Option 1: Schedule patients back to back in order to serve as many as possible. An advantage of such a design, assuming it is administered correctly, is that patients have fairly predictable schedules, and they are assured they will be given care approximately when planned. It is also satisfactory to the physicians as they can anticipate their workload on a given day. Thus, this design benefits scheduled patients and physicians, and increases resource utilization and the office bottom line as long as patient non-attendance rates are low. Consequently, unscheduled patients (those who make an appointment and come on the same day) would be left waiting for an inordinate and unpredictable amount of time until there is a "hole" in the schedule. On the other hand, if unscheduled patients are given priority due to their purportedly higher acuity, then scheduled patients' waiting times are likely to become prohibitive.

Option 2: Full day open access ensures that patients are seen on demand assuming that office resources are sufficient (these resources can be estimated using the core component of operations research, queuing theory [7-9]). However, regardless of resource sufficiency, this scenario results in substantial underutilization. Given the unknown number of unscheduled patients coming to the office on a particular day, the schedule would have to hold open slots "just in case." This would have a significant adverse effect on the office bottom line.

Option 3: Combine open access and schedule implementation to improve the bottom line, while simultaneously controlling patient waiting times.(10) If both scheduled and unscheduled patient flows are combined throughout the entire day without separating them in time (designating a separate time interval, or separate resource for each category of patients), then it is almost certain that scheduled appointments will be delayed and/or the waiting time for unscheduled patients will be prohibitive. The right solution will be to find the least busy part of the day, when scheduled patient demand is lowest, and designate this time for unscheduled visits. How long this period of time should be depends on patient daily demand and available resources (physicians, nurses, etc.) for providing simultaneous care for these unscheduled patients. Once these resources are known, the amount of necessary time could be determined using queuing theory.(7) At one medical center, open access led to a drop in wait time for routine appointments in family medicine and pediatrics from 30 days to 1 day, and the percentage of patients seeing their own physician increased from 28% to 75%.(11)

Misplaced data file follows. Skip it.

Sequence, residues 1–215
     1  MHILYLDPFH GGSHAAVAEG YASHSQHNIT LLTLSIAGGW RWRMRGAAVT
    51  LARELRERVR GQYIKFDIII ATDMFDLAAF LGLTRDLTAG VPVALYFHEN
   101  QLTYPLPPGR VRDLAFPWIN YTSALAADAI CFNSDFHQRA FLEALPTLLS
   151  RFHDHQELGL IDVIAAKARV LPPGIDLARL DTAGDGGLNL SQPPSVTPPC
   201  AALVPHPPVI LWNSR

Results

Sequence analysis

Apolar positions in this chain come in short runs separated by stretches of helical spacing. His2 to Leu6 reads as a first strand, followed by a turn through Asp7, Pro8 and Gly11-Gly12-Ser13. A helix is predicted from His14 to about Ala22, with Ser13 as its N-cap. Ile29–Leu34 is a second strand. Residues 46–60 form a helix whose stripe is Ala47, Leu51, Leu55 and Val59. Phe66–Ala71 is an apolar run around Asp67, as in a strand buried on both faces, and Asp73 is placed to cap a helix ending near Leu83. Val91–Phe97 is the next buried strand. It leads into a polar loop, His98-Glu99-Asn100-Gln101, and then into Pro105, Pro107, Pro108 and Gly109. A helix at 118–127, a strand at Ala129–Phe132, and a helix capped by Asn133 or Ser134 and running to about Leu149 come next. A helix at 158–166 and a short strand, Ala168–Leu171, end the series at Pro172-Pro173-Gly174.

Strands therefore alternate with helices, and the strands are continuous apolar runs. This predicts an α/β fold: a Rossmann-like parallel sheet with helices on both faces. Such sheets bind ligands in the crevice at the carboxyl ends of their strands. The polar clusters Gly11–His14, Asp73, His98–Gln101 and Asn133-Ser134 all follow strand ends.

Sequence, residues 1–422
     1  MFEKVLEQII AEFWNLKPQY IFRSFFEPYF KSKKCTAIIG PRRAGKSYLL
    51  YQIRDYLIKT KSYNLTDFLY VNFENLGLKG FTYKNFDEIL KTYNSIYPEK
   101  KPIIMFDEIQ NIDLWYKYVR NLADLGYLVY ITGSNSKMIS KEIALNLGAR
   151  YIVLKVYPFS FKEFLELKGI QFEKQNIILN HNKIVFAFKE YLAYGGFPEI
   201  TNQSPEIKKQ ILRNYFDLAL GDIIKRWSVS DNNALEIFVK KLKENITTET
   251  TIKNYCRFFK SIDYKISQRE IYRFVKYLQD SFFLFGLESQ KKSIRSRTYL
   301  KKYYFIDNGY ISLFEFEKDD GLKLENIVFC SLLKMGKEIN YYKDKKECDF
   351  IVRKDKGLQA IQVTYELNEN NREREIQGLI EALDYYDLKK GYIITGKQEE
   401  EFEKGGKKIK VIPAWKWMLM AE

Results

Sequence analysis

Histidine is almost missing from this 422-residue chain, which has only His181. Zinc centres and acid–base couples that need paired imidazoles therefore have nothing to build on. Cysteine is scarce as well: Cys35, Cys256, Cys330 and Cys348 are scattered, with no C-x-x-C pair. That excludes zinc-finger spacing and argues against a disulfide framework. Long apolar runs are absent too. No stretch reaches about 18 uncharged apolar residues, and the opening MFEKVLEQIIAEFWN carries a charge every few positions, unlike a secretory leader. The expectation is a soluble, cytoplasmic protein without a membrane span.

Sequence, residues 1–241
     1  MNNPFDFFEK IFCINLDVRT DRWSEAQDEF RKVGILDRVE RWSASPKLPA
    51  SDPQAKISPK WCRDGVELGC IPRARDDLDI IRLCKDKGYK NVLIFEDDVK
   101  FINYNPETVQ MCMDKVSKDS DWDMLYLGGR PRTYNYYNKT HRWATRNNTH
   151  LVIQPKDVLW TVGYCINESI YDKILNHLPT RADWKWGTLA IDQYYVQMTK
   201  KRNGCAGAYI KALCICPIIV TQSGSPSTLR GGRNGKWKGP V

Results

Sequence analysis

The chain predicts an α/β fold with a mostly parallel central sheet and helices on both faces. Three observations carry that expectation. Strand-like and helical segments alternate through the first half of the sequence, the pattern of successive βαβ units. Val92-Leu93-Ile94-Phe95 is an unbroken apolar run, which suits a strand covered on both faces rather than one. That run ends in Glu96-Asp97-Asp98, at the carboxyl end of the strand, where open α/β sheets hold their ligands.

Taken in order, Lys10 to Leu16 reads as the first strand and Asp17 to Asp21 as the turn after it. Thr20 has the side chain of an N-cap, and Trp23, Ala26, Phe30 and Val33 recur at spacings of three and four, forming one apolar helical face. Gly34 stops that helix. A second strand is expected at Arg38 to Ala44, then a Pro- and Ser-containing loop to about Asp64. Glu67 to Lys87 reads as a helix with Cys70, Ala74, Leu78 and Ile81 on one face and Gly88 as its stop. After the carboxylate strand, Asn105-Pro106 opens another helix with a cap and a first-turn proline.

Unfortunately, the deadly consequences of suboptimal access to care are not limited to PCP or specialists' offices. Situations in hospitals can be even worse, especially when hospital capacities and patient demand are misaligned. Multiple studies (3-5,12) have demonstrated that when hospital census is high, ambulance diversions and nurse overloading take place with a subsequent increase in patient morbidity and/or mortality. A recent study (4) demonstrated that patient-per-nurse staffing ratios caused by fluctuation in hospital census and/or admissions have a considerable impact on patient mortality.

"Fortunately" a significant part of such misalignment is also due to the poor scheduling of elective admissions.(13-15) In terms of scheduling, there is a strong analogy between elective/scheduled admissions and scheduled ambulatory visits as well as between urgent admissions and urgent/unscheduled ambulatory visits. The solution to this scheduling problem in hospital settings is very similar to the above Option 3: separating resources for both types of admissions.(14) A recent editorial (5) shows that eliminating artificial variability (fluctuations in patient scheduled admissions based on physicians' personal preferences rather than patient needs) is the only plausible way to reduce mortality associated with misaligned patient demand and hospital resources. The same effect exists in ambulatory settings. If, for example, many PCPs affiliated with the same hospitals would have limited office hours on the same week day and at the same time, artificial influxes of patients would take place in the emergency department.(16) In addition to improving patient safety and quality of care (17), this approach would substantially reduce ambulance diversions (16,18), reduce readmissions (19), and dramatically (20-22) reduce health care cost.

Operations research and its core component, queuing theory, as well as system analysis still remain "foreign" to the health care field. In the era of limited health care resources, these important disciplines should be introduced to medical students. Only last month, Centers for Medicare & Medicaid Services recognized the need for the health care delivery system to be introduced to these areas of management science by announcing a new training program for health care advisors.(23)